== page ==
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Aerodynamic Drag of Streamlined Handlebars

On January 5, 1995, an aerodynamic test of bicycles and components was conducted at the Texas A & M wind tunnel in College Station, Texas. The testing was organized by Mr. John Cobb of Bicycle SPorts, Shreveport Louisiana, and Mr. Steve Hed, of Hed Design, White Bear Minnesota. Data collection was performed by Texas A & M wind tunnel staff, directed by Mr. Oran Nicks. Testing of handlebars was directed by Jim Martin of Team EDS.

The leading edge of a bicycle (i.e., handlebars, head tube, fork and wheel) encounter relatively calm air, and are not influenced by interaction with the riders body. It is reasonable to believe that changes in the aerodynamic drag of leading edge components will have a similar effect on both bare bike and bike rider aerodynamic drag. Some aerodynamic bicycles have minimized aerodynamic drag due to handlebars by eliminating the standard grip altogether. While this arrangement results in low aerodynamic drag, it may make the bicycle difficult to control in turns. The use of handlebars with a streamlined aerodynamic cross section might result in low aerodynamic drag while preserving bike control. Therefore, the purpose of this investigation was to determine if handlebars with streamlined aerodynamic cross section could affect the aerodynamic drag of a bare bicycle, and if so, to determine if the same changes in drag were observed for a bike and rider. Additionally, if differences in drag were found, mathematical modeling would be used to predict the effect on finish times in competitive events.

Five handlebars configurations were tested on a Softride Power V bicycle, both as bare bike and with as a bike with rider. The handle bars tested included three configurations of Vision Tech bars with streamlined tubing; 'hook' hand grips with brake levers, 'hook' hand grips without brake levers, and streamlined grips. These Vision Tech bars were compared with two typical aero bars that are popular among triathletes and cyclists; Profile cowhorn with Profile 'Airstryke' clip-on, and Scott 'Extreme'. Each set of handlebars was adjusted to postition the elbows pads at the same height, and the riders elbows were measured and placed in the same fore-aft position for each test. Arm position was also maintained at a simialar angle for each test. A standard drop handle bar with Scott clip-on aero bar was also tested on the bare bike, but not with a rider. Rider position could not be matched with that combination.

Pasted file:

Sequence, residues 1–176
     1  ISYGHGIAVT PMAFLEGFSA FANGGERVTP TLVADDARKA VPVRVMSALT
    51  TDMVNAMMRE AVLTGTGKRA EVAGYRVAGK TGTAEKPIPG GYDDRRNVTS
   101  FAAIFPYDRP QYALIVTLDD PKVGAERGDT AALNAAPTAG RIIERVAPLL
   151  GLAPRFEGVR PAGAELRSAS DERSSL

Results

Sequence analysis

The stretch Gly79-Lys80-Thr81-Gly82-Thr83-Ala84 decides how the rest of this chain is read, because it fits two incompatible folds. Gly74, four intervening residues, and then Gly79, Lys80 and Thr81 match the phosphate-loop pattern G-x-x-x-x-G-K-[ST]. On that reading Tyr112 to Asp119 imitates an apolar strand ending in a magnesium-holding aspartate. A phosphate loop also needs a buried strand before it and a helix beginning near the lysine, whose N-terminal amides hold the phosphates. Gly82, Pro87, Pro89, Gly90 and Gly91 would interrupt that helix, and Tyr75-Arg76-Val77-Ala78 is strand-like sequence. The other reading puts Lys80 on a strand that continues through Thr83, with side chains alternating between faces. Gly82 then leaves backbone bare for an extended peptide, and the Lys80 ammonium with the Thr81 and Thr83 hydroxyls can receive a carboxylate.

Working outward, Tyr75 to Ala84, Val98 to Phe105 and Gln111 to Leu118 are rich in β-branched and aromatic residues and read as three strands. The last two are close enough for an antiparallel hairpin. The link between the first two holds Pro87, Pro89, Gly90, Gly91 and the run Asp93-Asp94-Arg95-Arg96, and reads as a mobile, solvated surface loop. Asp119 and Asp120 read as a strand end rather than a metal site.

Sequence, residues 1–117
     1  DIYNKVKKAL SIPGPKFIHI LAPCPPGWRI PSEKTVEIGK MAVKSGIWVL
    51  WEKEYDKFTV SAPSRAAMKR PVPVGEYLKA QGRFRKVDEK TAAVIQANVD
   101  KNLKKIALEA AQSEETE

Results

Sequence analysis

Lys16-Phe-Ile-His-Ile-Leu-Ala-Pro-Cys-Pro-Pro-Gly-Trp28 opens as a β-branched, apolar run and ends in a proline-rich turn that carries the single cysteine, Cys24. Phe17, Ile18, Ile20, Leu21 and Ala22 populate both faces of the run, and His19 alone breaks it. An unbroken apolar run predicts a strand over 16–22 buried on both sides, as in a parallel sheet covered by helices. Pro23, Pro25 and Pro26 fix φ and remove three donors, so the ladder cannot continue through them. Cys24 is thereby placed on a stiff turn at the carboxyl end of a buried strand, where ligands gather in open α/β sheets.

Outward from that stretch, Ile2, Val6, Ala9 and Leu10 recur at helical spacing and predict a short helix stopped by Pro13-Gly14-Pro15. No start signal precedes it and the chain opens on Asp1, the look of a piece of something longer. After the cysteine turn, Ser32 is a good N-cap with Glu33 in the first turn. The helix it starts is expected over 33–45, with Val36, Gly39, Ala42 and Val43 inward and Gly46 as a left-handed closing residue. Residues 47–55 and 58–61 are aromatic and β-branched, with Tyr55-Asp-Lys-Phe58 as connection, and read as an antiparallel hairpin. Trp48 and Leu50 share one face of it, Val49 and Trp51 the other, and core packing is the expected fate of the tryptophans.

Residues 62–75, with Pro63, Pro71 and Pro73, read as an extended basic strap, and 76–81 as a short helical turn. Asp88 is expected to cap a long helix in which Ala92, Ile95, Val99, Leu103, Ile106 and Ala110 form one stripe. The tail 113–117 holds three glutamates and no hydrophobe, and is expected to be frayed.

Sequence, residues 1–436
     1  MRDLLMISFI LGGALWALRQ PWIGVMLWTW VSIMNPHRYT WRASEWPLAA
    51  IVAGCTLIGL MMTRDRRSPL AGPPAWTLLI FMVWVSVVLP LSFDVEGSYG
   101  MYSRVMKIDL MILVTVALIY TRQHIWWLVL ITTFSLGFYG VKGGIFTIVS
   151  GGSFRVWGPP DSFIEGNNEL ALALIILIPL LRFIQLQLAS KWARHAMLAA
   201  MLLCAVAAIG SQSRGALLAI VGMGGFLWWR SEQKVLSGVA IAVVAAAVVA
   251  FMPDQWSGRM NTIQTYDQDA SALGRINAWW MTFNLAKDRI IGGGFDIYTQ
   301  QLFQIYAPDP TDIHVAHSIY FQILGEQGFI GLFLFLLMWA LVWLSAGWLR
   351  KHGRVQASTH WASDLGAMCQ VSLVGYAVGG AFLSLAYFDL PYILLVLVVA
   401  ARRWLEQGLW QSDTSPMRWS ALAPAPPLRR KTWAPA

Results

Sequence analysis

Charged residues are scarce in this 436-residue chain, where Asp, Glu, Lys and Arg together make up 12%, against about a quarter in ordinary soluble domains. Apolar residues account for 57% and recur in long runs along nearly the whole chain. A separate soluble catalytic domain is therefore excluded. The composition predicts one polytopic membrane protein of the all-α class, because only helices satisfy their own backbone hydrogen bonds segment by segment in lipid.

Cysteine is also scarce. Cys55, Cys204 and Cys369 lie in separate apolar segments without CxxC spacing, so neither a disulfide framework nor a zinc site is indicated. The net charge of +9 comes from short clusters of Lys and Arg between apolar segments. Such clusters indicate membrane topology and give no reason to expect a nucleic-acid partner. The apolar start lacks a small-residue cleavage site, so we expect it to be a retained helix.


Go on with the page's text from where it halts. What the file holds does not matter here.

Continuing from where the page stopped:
All tests were conducted at approximately 30 mph, and the drag force results were then normalized to 30 mph by multiplying the measured drag by the square ratio of 30 mph to the actual velocity (i.e., 5.64 lb. at 29.9 mph yields a drag of 5.64 lb.*(30/29.9)2=5.68 lb. at 30 mph).

In order to access the performance implications of the current wind tunnel results, a mathmatical model was used to predict changes in cycling velocity due to reductions in aerodynamic drag. The prediction equation modeled steady state cycling on a smooth, level asphalt road, and is based on power consumption by three sources: aerodynamic drag of bike and rider, rolling resistance of tire, and aerodynamic drag of spinning the wheels. The equation is: Power = V3CdAþ/2 + WFrV + FwV3 , where: V = velocity (m/s), CdAþ/2 is the Coefficient of drag times 1/2 the air density times frontal area (to get this number, you must determine drag force in the wind tunnel: drag force = V2Cdþ/2 and then divide by V2), W = combined weight of bike and rider, Fr = rolling friction, and is about 0.0022 for Continental Olympic tire or 0.0027 for high pressure clincher tires on asphalt, and Fw is a measure of the drad to rotate the wheel, and is about 0.008 for a rear disc and aero front (about 20 watts at 30 mph).